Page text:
sure of economic freedom like the Index of
A comprehensive definition of economic
Economic Freedom might be broadened to include
freedom should encompass all liberties and
a quantitative assessment, through subjective
rights of production, distribution, or con-
testimony, of a constitutive aspect of economic
sumption of goods and services. The highest
freedom—that is, the extent of responsible ex-
ercise of free choice—and then tests the interre-
1. See “Two Concepts of Liberty,” in Isaiah
lationships between the more broadly defined Berlin, Four Essays on Liberty (London: Oxford
economic freedom and well-being. University Press, 1996).

61
form of economic freedom should provide an mity. The great advantage of the market,
absolute right of property ownership; fully on the other hand, is that it permits wide
realized freedoms of movement for labor, diversity. It is, in political terms, a system
capital, and goods; and an absolute absence of proportional representation. Each man
of coercion or constraint of economic liberty can vote, as it were, for the color of the
beyond the extent necessary for citizens to tie he wants and get it; he does not have
protect and maintain liberty itself. In other to see what color the majority wants and
words, individuals in an economically then, if he is in the minority, submit.
free society would be free and entitled to
work, produce, consume, and invest in It is this feature of the market we refer
any way they please under a rule of law, to when we say that the market provides
with their freedom at once both protected economic freedom.5
and respected by the state.2
The interesting point in both Buchanan
All of the features of economic freedom and Friedman’s quotations is that they iden-
mentioned by the Index’s authors—foremost tify the possibility of shaping one’s own view
among them the explicit reference to voluntary of life in a unique fashion offered by market
exchange—recall, within the Berlinian frame, exchanges as the essential feature of econom-
the idea of voluntariness of action and absence ic freedom. This is hardly surprising. Many
of coercion by the state. While this idea goes a authors share the romantic view—masterful-
long way in defining and delineating economic ly canvassed by John Stuart Mill—that self-
freedom, some thoughtful writers have suggest- determination is a fundamental part of being
ed that there may be more to consider. free. In this conception, it is not enough to
In his fundamental contribution to a con- have the opportunity to choose; rather, the
tractarian theory of the state, James Buchanan act of choosing, and the acceptance of respon-
writes that “the free market offers maximal sibility for the consequences of the choices
scope for private, personal eccentricity, for made, is the focal point around which one’s
individual freedom in its most elementary individuality is shaped and fostered, leading
meaning.”3 Similarly, Milton Friedman high- to the exercise of a person’s autonomy. This
lights, chiefly in Capitalism and Freedom and notion of autonomy is elaborated in a field of
Free to Choose,4 the intimate relationship that normative economics known as the Freedom
ties economic freedom to diversity. Consider, of Choice Literature.6 Given its relatively re-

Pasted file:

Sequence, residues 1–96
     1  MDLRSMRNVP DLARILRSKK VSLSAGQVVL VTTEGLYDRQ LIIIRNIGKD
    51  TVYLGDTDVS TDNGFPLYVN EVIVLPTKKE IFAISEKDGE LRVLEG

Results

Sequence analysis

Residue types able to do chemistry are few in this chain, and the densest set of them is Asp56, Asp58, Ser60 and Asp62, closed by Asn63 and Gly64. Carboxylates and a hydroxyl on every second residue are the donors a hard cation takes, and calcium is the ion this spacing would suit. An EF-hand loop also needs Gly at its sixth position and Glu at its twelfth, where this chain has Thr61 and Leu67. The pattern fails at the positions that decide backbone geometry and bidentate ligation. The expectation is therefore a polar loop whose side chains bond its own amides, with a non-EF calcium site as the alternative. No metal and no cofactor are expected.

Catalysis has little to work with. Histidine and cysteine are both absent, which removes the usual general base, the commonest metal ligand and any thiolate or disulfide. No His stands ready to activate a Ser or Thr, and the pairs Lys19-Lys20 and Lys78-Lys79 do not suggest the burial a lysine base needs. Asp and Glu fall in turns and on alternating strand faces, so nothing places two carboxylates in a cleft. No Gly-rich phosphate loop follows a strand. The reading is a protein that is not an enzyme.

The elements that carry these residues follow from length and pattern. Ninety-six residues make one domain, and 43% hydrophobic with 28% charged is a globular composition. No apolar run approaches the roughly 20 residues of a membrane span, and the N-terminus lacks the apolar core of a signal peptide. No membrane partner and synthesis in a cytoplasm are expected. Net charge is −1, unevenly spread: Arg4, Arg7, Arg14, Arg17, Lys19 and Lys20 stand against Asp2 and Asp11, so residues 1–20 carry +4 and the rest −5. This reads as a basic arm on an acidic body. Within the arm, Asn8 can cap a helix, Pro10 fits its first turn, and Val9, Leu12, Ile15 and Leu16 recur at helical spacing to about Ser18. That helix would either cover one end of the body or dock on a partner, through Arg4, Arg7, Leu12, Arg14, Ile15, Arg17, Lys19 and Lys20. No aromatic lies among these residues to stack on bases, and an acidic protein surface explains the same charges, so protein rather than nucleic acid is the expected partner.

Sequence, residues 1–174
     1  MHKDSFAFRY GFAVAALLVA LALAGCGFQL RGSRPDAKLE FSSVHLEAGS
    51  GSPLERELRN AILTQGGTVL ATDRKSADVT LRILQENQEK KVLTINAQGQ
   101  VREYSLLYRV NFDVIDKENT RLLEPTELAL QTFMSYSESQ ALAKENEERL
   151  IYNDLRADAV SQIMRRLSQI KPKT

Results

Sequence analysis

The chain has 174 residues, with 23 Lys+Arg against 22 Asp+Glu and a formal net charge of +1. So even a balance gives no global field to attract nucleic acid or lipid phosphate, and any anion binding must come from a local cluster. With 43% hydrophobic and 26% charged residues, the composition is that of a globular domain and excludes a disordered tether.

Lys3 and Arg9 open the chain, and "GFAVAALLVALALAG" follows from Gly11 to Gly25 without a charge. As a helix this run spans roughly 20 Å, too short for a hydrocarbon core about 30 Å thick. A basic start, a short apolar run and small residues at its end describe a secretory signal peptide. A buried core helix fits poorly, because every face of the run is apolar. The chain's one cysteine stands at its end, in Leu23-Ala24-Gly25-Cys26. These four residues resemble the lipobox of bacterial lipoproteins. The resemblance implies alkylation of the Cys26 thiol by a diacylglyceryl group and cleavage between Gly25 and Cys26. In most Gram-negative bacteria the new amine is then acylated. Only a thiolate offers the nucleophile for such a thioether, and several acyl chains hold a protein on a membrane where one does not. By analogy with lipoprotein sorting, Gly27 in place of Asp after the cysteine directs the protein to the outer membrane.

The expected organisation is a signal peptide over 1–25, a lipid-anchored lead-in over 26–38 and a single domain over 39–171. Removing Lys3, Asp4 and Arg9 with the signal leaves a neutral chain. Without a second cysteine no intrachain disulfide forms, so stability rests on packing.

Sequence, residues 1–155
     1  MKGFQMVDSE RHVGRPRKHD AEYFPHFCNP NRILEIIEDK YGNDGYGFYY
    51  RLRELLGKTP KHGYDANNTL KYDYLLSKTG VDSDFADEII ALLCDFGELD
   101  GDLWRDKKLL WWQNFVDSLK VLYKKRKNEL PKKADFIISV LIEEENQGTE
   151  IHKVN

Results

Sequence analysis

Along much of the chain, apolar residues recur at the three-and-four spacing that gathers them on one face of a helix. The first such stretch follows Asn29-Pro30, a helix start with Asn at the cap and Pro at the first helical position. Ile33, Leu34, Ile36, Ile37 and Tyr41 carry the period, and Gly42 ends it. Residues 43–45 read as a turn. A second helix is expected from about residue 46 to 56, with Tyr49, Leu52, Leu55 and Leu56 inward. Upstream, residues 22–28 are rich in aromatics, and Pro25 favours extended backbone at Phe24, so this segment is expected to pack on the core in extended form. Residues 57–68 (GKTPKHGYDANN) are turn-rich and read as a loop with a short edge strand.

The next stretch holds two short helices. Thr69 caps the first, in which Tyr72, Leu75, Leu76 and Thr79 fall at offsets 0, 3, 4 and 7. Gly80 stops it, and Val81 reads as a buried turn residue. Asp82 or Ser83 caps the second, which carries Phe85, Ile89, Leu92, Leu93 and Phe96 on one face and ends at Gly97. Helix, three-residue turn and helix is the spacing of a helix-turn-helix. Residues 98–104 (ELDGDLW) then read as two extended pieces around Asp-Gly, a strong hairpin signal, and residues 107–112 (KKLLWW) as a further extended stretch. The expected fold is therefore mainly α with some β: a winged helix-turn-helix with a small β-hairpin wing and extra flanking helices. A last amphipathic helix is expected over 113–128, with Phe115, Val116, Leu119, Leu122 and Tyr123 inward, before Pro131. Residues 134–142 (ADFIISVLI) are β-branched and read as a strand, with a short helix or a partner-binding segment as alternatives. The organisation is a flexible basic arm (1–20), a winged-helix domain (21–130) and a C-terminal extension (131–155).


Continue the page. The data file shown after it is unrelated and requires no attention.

for example, the following: cent elaboration and the difficulties of quan-
tifying the concepts involved, it is perhaps
The characteristic feature of action not surprising that this idea of autonomy as
through political channels is that it tends a constitutive dimension of freedom has re-
to require or enforce substantial confor- ceived scant treatment in conventional mea-
sures of economic freedom.
2. Terry Miller and Anthony B. Kim, “Defining The authors of the Index deal indirectly
Economic Freedom,” Chapter 5 in Terry Miller
and Kim R. Holmes, Ph.D., 2010 Index of Economic with this issue by identifying what they call
Freedom (Washington: The Heritage Foundation “fundamental principles of economic free-
and Dow Jones & Company, Inc., 2010), p. 58. dom—empowerment of the individual, non-
3. James M. Buchanan, The Limits of Liberty: discrimination, and open competition—[that]
Between Anarchy and Leviathan (Chicago: University underpin and inform every measurement in
of Chicago Press, 1975), p. 18.
4. See Milton Friedman, Capitalism and Freedom 5. Friedman, Capitalism and Freedom, p. 15.
(Chicago: University of Chicago Press, 1962), 6. See Sebastiano Bavetta and Francesco Guala,
and Milton Friedman and Rose Friedman, Free to “Autonomy Freedom and Deliberation,” Journal
Choose: A Personal Statement (New York: Harvest of Theoretical Politics, Vol. 15, No. 4 (October 2003),
Books, 1990). pp. 423–443.

62 2011 Index of Economic Freedom


the Index of Economic Freedom.”7 The Index does it is unlikely that acting autonomously de-
not, however, attempt to provide empirical livers happiness; people have few if any op-
data that directly measure these fundamental portunities for self-determination, and real
principles of economic freedom. choices are severely constrained. In the second
The following analysis attempts to fill that country, market institutions and private own-
gap, using an empirical measure of autonomy ership are firmly established. People are the
introduced by Bavetta et al. in 20098 that is masters of their lives and, acting out of their
based on data from the World Values Survey own choices, determine the quantity and qual-
(WVS).9 The goal is to determine whether and ity of the goods and services they consume. In